Amid China's Property Woes, What to Look for in an Asian High-Yield Bond Fund

Our manager research analysts name three important traits.   

Kate Lin 21.08.2023
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Kate Lin: Welcome to Morningstar. Recently, due to cash flow problems, China property developer Country Garden had its bond trading suspended. With this, it sets off a new round of panic in the market. With this turmoil in the bond space, we are asking our senior analyst for manager research, Arvind Subramanian, what high-yield bond managers in the region have done to their portfolios.

Hi, Arvind. Following Evergrande, nearly half of Chinese property dollar bonds have defaulted, the latest being Country Garden, where default is likely. How are bond managers reacting and what is the sentiment on the Chinese property sector as a whole?

Arvind Subramanian: Hi, Kate. Thanks for your question. Even prior to the Country Garden challenges, the Chinese property sector has been facing a challenged outlook. This has been owing to macroeconomic headwinds, declining property sales, and issuer-specific credit events. In fact, even prior to Country Garden's issues, another property giant, Dalian Wanda, struggled to meet its interest payments in a timely manner, highlighting further challenges for the sector.

Coupled with the recent news around Country Garden, the view for the sector has remained challenging, and most asset managers are cautious about this space. Having said that, it's worth mentioning that the Chinese property sector is today not as prominent as it was in the past within the index, which also means that today the index is more broad-based and diversified.

Lin: So, in your latest report, you saw a lower supply of Asian high-yield bonds in the past year. Is the default fallout a reason, and what other factors are driving this?

Subramanian: That's right, Kate. Just to provide some context, according to the asset managers that we spoke to, in the current first half of 2023, the primary supply of Asian high-yield dollar bonds has just been US$3.5 billion. This is less than 50% of what was raised during a similar period last year and is only accounting for 5% of Asian dollar bonds issued this year. In fact, the primary supply this year is tracking multi-year lows.

The reasons for these are several. One is the changing issuer preferences, where they're preferring to issue local currency bonds and raising money from domestic banks versus raising costly offshore debt. Number two, a series of federal reserve rate hikes over the past year has meant that offshore dollar debt financing has become expensive. Finally, waning investor risk appetite has meant that investors have tended to favor higher-quality bonds versus lower-quality high-yield bonds. These are all some of the contributing factors for low high-yield supply.

Lin: So, given the subdued investor sentiment toward China, what are high-yield managers buying right now?

Subramanian: As part of our report, we surveyed several asset managers to understand where they see opportunities in the Asian high-yield space. In our discussions with them, Macau gaming, Indian renewable energy, and Indonesian corporates emerged as favored picks. Within this space, Macau gaming has benefited from strong visitor arrivals, and the recent gaming license renewal by the government has also supported the credit fundamentals. Moving on to the Indian Renewable Energy space, the sector has benefited from strong fundamental outlook, favorable government policies, and the sector's ESG credentials. Finally, on Indonesian corporates, asset managers have favored the strong growth outlook of the country, which has meant several of them being overweight in the segment.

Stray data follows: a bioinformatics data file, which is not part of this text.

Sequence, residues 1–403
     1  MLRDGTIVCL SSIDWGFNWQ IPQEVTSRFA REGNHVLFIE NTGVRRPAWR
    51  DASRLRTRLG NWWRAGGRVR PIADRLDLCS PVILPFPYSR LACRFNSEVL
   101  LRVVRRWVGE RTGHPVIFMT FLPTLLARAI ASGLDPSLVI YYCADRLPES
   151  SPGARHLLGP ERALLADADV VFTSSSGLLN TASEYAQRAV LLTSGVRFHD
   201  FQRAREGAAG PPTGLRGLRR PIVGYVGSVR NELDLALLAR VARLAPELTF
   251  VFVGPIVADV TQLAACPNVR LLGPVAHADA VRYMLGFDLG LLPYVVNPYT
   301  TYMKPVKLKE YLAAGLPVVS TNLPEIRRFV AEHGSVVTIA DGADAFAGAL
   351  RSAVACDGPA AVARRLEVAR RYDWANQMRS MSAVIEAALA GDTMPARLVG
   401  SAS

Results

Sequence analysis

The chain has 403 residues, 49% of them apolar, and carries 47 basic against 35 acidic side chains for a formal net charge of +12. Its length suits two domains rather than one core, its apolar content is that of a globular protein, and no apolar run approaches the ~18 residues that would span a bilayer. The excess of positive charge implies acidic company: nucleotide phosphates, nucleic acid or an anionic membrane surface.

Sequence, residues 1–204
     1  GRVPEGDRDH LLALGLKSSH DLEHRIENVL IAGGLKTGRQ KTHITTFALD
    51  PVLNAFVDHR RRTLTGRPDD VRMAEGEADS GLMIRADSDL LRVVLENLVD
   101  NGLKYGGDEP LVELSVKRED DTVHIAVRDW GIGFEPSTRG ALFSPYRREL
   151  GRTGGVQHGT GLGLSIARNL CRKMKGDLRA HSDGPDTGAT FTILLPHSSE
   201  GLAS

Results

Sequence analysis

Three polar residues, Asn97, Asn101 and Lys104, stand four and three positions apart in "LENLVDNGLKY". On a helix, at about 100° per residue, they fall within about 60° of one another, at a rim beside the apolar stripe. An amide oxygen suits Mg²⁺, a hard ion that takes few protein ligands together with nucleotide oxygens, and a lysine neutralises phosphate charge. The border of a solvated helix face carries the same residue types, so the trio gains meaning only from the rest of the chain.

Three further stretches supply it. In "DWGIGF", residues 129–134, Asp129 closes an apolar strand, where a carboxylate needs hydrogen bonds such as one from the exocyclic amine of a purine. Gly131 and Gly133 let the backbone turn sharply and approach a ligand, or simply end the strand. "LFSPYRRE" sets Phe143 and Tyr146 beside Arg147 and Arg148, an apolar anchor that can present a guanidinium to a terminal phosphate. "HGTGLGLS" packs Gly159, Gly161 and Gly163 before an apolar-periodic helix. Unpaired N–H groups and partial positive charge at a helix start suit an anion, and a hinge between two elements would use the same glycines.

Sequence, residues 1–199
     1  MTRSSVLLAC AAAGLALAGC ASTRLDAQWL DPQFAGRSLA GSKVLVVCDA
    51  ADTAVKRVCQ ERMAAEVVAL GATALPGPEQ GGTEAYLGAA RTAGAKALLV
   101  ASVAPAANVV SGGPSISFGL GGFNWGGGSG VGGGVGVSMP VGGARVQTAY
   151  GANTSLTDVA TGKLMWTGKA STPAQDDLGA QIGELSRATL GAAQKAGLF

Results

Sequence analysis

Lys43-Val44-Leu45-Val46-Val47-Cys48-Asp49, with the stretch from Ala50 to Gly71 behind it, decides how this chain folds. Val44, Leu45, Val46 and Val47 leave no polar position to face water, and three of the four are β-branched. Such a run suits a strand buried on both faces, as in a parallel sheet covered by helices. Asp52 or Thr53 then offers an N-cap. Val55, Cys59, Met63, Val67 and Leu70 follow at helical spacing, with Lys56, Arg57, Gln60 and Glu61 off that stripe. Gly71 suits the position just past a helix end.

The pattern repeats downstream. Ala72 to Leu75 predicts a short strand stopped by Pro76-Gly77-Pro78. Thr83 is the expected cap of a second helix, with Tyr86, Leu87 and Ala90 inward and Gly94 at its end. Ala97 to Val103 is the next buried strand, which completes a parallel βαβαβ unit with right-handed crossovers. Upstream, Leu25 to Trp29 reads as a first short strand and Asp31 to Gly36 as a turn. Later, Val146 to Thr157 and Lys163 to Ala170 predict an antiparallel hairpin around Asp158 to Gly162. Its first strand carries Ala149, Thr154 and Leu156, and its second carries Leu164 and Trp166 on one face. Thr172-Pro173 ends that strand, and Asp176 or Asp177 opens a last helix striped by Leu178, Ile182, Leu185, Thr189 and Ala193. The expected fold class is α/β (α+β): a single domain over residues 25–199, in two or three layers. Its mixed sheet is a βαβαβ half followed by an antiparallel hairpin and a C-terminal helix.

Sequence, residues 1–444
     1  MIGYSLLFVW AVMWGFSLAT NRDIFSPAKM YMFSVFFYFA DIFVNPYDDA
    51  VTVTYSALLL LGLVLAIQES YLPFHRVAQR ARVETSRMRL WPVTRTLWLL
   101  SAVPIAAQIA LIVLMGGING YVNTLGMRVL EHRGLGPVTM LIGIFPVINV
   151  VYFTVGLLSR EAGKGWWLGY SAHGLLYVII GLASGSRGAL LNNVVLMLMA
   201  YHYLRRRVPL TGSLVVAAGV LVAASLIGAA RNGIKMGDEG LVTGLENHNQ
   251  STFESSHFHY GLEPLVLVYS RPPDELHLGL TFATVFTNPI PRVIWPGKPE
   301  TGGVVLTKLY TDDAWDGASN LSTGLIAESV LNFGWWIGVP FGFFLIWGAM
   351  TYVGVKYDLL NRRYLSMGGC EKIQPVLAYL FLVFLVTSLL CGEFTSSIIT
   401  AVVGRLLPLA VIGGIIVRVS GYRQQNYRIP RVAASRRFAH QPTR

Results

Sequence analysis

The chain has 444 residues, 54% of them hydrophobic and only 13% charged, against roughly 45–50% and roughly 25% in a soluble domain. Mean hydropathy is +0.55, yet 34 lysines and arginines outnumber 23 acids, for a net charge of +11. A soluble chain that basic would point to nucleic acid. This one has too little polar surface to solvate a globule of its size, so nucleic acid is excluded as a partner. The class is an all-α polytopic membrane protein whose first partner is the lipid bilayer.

Another interesting aspect we have noticed is funds using their flexibility to invest in investment-grade bonds, which are off-benchmark, taking advantage of the rising interest rates, which have meant that higher-quality investment-grade bonds have today turned attractive.

Lin: Now, what is the case of investing in an Asian high-yield bond fund, and what are the top fund picks investors can consider?

Subramanian: For the Asian High-Yield Morningstar category, performance in 2021 and 2022 has been dismal, owing to macroeconomic headwinds, heightened volatility, and credit defaults. Now, despite the higher bond yields on offer, one must always remember the higher credit risk attached with the category, and therefore, credit research and credit selection are crucial drivers to performance.

In fact, also, amidst the tepid supply, liquidity and capacity management are also important considerations. Therefore, investors should favor asset managers, boasting experienced manager teams, robust risk management, and repeatable investment processes. Now, having said that, within the Asian high-yield Morningstar category universe, the Silver-rated PIMCO Asian High Yield Fund is a standout. The fund is led by Stephen Chang and a trio of seasoned fund managers, supported by a strong analyst team. Apart from a robust investment process that marries top-down macro research and bottoms-up credit selection, the fund has also benefited from its cautious outlook on the Chinese property sector.

Lin: Thank you so much for your time, Arvind. For Morningstar, I'm Kate Lin.

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Kate Lin

Kate Lin  is an Editor for Morningstar Asia, and is based in Hong Kong

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